HC Deb 10 July 1985 vol 82 cc1082-3
12. Mr. Gerald Bowden

asked the Secretary of State for the Environment how many meetings there have been between officials of his Department and senior officers of Southwark borough council since the beginning of 1985; and what were the reasons for such meetings.

Sir George Young

There have been two such meetings this year: a discussion about the redevelopment of the Bonamy estate and one about the disposal of land on the borough's land register. However, my hon. Friend the Minister for Housing and Construction is arranging to meet the elected representatives of Southwark, together with their officials, in the near future to discuss the unwarranted delays being experienced by tenants seeking to exercise their right to buy from the council.

Mr. Bowden

I thank my hon. Friend for his answer. I hope that when the meeting takes place my hon. Friend the Minister for Housing and Construction will tell the officials of Southwark borough council of the frustration, anger and disappointment that so many of my constituents feel because of the lack of progress with their right-to-buy applications? Will he say what he intends to do about the incompetence and intransigence of Southwark borough council in dealing with the applications?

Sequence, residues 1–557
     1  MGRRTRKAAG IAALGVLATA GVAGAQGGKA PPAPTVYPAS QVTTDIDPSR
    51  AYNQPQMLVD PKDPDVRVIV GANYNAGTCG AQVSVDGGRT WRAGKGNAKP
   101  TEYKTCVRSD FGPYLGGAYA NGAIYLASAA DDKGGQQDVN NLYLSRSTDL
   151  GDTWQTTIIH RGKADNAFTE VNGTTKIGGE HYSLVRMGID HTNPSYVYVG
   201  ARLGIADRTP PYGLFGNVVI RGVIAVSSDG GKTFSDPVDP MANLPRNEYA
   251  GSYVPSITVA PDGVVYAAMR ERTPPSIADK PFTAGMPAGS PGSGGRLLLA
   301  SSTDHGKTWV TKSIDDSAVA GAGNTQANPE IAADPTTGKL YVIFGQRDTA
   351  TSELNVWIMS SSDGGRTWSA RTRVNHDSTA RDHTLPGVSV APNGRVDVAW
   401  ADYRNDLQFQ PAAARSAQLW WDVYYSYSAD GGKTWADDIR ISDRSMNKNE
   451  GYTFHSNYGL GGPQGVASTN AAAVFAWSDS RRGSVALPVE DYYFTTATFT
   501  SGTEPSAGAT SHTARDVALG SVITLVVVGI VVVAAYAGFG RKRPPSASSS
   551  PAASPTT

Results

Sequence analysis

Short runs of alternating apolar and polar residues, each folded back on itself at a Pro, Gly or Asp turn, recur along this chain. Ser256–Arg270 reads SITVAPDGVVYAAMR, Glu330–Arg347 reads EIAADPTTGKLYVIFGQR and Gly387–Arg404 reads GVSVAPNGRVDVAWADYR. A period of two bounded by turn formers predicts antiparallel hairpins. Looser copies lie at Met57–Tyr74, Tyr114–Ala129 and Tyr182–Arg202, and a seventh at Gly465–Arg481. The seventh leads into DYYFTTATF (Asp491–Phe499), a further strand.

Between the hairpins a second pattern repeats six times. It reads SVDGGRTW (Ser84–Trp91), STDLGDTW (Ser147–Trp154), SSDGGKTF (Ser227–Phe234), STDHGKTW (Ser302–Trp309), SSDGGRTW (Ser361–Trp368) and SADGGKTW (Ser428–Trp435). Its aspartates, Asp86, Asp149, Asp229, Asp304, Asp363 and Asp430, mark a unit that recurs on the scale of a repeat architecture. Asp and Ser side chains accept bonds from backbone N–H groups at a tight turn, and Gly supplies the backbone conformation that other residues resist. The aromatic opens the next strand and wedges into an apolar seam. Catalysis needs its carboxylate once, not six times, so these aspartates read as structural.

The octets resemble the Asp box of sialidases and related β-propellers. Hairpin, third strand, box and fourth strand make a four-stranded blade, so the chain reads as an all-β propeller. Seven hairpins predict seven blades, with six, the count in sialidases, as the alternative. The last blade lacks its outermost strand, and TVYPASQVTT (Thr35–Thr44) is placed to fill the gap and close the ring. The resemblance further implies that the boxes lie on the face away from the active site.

Sir George Young

I understand my hon. Friend's indignation. He has been in regular contact with my Department about the frustrations of the tenants in his constituency. My Department has formally warned the council under section 23 of the Housing Act 1980 that we are contemplating intervention. Before we take that step we wish to discuss the issue with councillors and officials in the near future. Southwark borough council indulges in meaningless procedural requirements, which delays the opportunity for tenants to buy their homes.

Mr. Simon Hughes

Will the Minister think again about the powers of the ombudsman? It appears that Southwark and many other authorities are guilty regularly of what is found to be maladministration. There will be no effective remedy until the ombudsman is given power to impose a solution when a local authority is not going about its affairs properly.

Sir George Young

I have noted what the hon. Gentleman has said. I have no doubt that the Government Departments that are responsible for these matters will take account of what he has said and consider whether there is any remedy for the injustice that he has described.